# Intersection of Topologies

The intersection of any two topologies on a non empty set is always topology on that set, while the union of two topologies may not be a topology on that set.

__Example__:

Let $$X = \left\{ {1,2,3,4} \right\}$$

\[ {\tau _1} = \left\{ {\phi ,X,\left\{ 1 \right\},\left\{ 2 \right\},\left\{ {1,2} \right\}} \right\} \]

\[ {\tau _2} = \left\{ {\phi ,X,\left\{ 1 \right\},\left\{ 3 \right\},\left\{ {1,3} \right\}} \right\} \]

$${\tau _1} \cap {\tau _2} = \left\{ {\phi ,X,\left\{ 1 \right\}} \right\}$$ is a topology on X.

$${\tau _1} \cup {\tau _2} = \left\{ {\phi ,X,\left\{ 1 \right\},\left\{ 2 \right\},\left\{ 3 \right\},\left\{ {1,2} \right\}\left\{ {1,3} \right\}} \right\}$$ is not a topology on X.

Given two (and in fact any number of) topologies $${\tau _1}$$, $${\tau _2}$$ on X there is a topology $$\tau = {\tau _1} \cap {\tau _2}$$ which is weaker than both $${\tau _1}$$ and $${\tau _2}$$, is contained in both $${\tau _1}$$ and $${\tau _2}$$ contains every topology on X which is weaker than both $${\tau _1}$$ and $${\tau _2}$$.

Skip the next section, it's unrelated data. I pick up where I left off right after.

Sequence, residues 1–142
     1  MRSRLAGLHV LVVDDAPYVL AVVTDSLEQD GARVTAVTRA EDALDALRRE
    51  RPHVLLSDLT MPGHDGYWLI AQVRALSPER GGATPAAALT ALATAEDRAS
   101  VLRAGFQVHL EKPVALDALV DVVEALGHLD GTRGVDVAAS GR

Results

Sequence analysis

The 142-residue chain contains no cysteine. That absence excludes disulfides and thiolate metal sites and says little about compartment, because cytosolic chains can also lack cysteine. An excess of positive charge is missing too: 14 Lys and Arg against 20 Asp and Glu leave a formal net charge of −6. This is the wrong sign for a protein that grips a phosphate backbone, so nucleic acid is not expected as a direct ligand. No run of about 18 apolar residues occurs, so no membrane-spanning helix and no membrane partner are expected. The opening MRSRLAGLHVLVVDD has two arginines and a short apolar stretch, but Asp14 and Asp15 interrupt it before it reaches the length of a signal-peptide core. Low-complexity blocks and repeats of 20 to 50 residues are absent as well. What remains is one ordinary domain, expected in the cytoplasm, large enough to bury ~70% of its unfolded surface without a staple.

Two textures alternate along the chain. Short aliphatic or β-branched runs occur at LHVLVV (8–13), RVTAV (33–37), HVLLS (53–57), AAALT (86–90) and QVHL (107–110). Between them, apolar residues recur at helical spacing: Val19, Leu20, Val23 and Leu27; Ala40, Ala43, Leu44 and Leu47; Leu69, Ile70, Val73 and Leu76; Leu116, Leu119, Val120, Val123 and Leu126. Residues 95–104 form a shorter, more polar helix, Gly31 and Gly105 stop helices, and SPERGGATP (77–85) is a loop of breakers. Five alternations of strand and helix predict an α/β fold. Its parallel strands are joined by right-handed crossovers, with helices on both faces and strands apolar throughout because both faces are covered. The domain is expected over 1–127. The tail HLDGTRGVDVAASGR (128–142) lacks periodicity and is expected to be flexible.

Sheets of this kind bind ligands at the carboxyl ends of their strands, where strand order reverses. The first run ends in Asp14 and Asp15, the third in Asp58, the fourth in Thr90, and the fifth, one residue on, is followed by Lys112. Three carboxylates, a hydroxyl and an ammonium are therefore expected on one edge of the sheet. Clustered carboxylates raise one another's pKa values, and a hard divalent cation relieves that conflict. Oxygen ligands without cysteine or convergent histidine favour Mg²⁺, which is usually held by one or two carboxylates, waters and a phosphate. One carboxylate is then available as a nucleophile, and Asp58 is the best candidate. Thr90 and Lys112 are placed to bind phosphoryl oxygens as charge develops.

Similarly there is a topology $${\tau ^*}$$ which contains both $${\tau _1}$$ and $${\tau _2}$$ is the weakest in the sense that if $${\tau ^{**}}$$ is a topology which contains both $${\tau _1}$$ and $${\tau _2}$$ then $${\tau ^*} \subseteq {\tau ^{**}}$$.

We write $${\tau ^*} = \left\langle {{\tau _1},{\tau _2}} \right\rangle $$ and call $${\tau ^*}$$ as the topology generated by $${\tau _1}$$ and $${\tau _2}$$. $${\tau ^*}$$ is different from the union $${\tau _1} \cup {\tau _2}$$, which may not be a topology. Here $${\tau _1} \cup {\tau _2}$$ is the set theoretic union of the collection $${\tau _1}$$ and $${\tau _2}$$.